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The great frigatebird, a species of seabird found across the world’s tropical seas, has a 7 foot wingspan — the largest of any bird species its size. Past research had indicated that these adept pilots could stay aloft as long as a week at a time. It turns out, that the experts and even Christopher Columbus, who noticed the birds on his 1492 voyage to the Americas — and remarked “does not alight on the sea nor depart from land 20 leagues (70 miles)” — had vastly underestimated the magnificent bird’s flying prowess and smarts!
The indepth study of the frigatebirds, published in the journal Science on July 1, was led by Henri Weimerskirch of the Chizé Center for Biological Studies in France. It involved attaching solar-powered transmitters to 50 frigatebirds on Europa Island, a channel located between Mozambique and Madagascar. In addition to tracking each bird’s location, the tiny devices that weighed less than 10 grams, also collected data on the bird’s heart rate, speed, and altitude. From June to October, adult birds left the island and headed northwest to the Seychelles, a distance of about 1,548 miles. The researchers, who observed the birds from 2011 to 2015, say that instead of heading to their destination directly, many of the birds flew in large loops around the equator and the Indian Ocean.
What stunned the scientists was that the birds traveled an average of 255 miles a day and managed to stay aloft for over two months at a time. One tagged juvenile flew for 185 days and covered a mind-boggling distance of 34,000 miles, with only a four-day break in between. Weimerskirch says the four years worth of data shows that a majority of the tagged birds were motionless for about two to twelve minutes at a time, leading the team to conclude that the frigatebirds may have evolved to forgo sleep. Even those that took breaks did so for just 8 to 48 hours at a time.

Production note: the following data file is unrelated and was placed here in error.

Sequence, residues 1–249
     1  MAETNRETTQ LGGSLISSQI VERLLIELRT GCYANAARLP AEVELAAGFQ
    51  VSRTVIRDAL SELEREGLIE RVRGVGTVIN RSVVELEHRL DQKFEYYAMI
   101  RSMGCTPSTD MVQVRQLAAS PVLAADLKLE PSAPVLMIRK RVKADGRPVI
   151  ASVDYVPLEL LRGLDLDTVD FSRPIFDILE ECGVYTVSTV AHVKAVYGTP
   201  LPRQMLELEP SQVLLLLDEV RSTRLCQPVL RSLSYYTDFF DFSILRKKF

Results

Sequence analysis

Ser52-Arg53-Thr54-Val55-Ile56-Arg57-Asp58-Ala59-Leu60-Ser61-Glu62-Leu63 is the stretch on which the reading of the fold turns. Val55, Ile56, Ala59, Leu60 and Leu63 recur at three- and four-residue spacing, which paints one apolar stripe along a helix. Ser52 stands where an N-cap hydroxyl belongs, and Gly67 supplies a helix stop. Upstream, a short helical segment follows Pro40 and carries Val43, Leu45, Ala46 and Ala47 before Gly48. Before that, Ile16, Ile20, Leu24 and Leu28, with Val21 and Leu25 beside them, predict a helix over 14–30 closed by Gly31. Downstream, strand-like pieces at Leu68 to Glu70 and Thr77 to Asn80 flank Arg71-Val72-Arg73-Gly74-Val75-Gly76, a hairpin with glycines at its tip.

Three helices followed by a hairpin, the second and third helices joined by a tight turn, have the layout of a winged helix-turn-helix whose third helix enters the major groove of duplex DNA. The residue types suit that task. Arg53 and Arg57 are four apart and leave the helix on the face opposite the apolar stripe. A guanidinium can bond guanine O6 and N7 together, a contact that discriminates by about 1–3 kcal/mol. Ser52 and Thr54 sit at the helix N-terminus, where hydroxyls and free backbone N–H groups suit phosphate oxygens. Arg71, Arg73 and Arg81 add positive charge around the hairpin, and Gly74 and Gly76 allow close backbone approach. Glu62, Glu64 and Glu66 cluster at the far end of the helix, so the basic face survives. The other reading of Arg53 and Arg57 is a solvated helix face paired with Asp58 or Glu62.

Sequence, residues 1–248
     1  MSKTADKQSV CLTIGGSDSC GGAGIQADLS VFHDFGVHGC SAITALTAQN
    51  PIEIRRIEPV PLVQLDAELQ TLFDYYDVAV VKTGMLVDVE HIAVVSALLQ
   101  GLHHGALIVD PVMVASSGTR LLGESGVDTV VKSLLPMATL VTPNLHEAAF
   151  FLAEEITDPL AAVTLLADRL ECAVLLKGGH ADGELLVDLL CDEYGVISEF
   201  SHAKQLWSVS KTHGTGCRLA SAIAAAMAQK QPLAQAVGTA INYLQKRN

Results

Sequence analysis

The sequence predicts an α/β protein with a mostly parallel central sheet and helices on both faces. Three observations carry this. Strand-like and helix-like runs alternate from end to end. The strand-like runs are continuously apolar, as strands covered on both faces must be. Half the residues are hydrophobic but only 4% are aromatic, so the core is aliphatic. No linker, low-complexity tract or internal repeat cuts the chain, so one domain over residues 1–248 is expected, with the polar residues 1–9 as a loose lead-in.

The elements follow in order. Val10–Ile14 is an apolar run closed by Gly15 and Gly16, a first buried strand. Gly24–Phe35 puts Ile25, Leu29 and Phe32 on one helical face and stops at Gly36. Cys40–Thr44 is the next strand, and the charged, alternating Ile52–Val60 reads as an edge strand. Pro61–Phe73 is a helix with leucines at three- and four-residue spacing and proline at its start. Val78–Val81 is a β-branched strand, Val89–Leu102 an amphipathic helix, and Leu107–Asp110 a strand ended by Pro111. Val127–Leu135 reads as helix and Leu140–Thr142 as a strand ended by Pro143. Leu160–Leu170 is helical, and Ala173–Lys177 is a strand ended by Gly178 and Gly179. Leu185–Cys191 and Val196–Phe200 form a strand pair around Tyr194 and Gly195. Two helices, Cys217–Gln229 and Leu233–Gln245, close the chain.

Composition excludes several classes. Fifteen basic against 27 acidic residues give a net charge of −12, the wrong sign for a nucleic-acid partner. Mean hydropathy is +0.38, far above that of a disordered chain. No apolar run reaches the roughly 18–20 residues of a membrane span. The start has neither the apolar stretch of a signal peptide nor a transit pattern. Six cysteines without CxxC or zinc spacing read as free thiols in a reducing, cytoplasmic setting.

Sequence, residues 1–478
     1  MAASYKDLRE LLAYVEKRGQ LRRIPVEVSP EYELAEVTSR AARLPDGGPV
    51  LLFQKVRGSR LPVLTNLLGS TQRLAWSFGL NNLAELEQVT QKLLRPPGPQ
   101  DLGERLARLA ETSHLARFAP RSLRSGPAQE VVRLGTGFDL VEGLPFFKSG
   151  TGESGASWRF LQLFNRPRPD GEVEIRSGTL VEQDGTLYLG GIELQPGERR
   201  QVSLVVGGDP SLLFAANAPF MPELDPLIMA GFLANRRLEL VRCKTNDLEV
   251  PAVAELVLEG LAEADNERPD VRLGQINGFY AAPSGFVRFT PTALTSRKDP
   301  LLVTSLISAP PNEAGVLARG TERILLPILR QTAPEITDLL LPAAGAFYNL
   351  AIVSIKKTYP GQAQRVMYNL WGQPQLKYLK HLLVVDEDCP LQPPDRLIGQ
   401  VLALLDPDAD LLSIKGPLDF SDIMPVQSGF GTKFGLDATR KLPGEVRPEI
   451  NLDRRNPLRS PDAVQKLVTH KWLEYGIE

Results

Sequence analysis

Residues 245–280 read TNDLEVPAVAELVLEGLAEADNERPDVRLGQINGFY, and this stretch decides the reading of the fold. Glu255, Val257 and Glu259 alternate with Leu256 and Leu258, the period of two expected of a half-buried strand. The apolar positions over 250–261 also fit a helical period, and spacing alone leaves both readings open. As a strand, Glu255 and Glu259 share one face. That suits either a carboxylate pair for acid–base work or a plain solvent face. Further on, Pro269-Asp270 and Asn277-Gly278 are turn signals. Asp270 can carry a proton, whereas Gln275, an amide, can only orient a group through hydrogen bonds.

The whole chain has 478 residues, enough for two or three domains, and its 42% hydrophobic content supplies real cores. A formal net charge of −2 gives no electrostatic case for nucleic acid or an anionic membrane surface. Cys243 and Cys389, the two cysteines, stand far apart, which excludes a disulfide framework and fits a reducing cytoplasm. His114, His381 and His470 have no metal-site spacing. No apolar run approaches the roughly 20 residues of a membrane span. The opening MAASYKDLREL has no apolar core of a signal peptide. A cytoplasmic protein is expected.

The clincher? Frigatebirds traverse the mind-boggling distances without expending much energy. To get to their desired altitude without “breaking a sweat,” the birds catch a ride on the rising columns of warm air found under cumulus clouds. Once they reach a comfortable altitude, they glide along, sometimes for as long as 40-miles without flapping a wing!
When in need of an additional boost, the frigatebirds will fly inside the turbulent cumulus clouds that even airplanes avoid. But frigatebirds don’t mind the cloud’s strong air currents that propel them further upwards at the rate of 13 to 16 feet per second. The roller-coaster ride gives the birds an extra bit of altitude to glide on before catching the next air drift. As a result, frigatebirds can be found as high as 12,000 feet (4,000 meters). Weimerskirch says, “There is no other bird flying so high relative to the sea surface." What is surprising is that the tropical birds have no issues surviving the low oxygen levels and frigid temperatures found at high altitudes.
There is, of course, a good reason frigatebirds have learned to stay in the air so long. Despite being a seabird, they do not have waterproof feathers. Also, the incredible fliers can barely walk, and not swim at all. Since they are unable to grab unsuspecting prey from the water like other seabirds, frigatebirds bully birds in flight, forcing them to give up their meal (see video below). They are also experts at catching flying fish and squid that rise above the water’s surface to escape from predators like tuna and dolphins.
Since the birds are constantly airborne, researchers have little knowledge about their population size. However, there is a strong suspicion that it is on a decline. University of Washington biologist Raymond Huey and oceanographer Curtis Deutsch believe climate change could prove to be dangerous for the birds that depend on the atmospheric conditions above the oceans for both meals and transportation. According to the researchers, the shifting trade winds in the West help phytoplankton thrive, which in turn attracts more fish and squid that the frigatebirds depend on for food. Rising sea temperatures are causing the phytoplankton to decline and leading to increasingly intense tropical storms – both of which could affect nature’s “energizer bunnies.”
Resources: Latimes.com. science.com, phsy.org, washingtonpost.com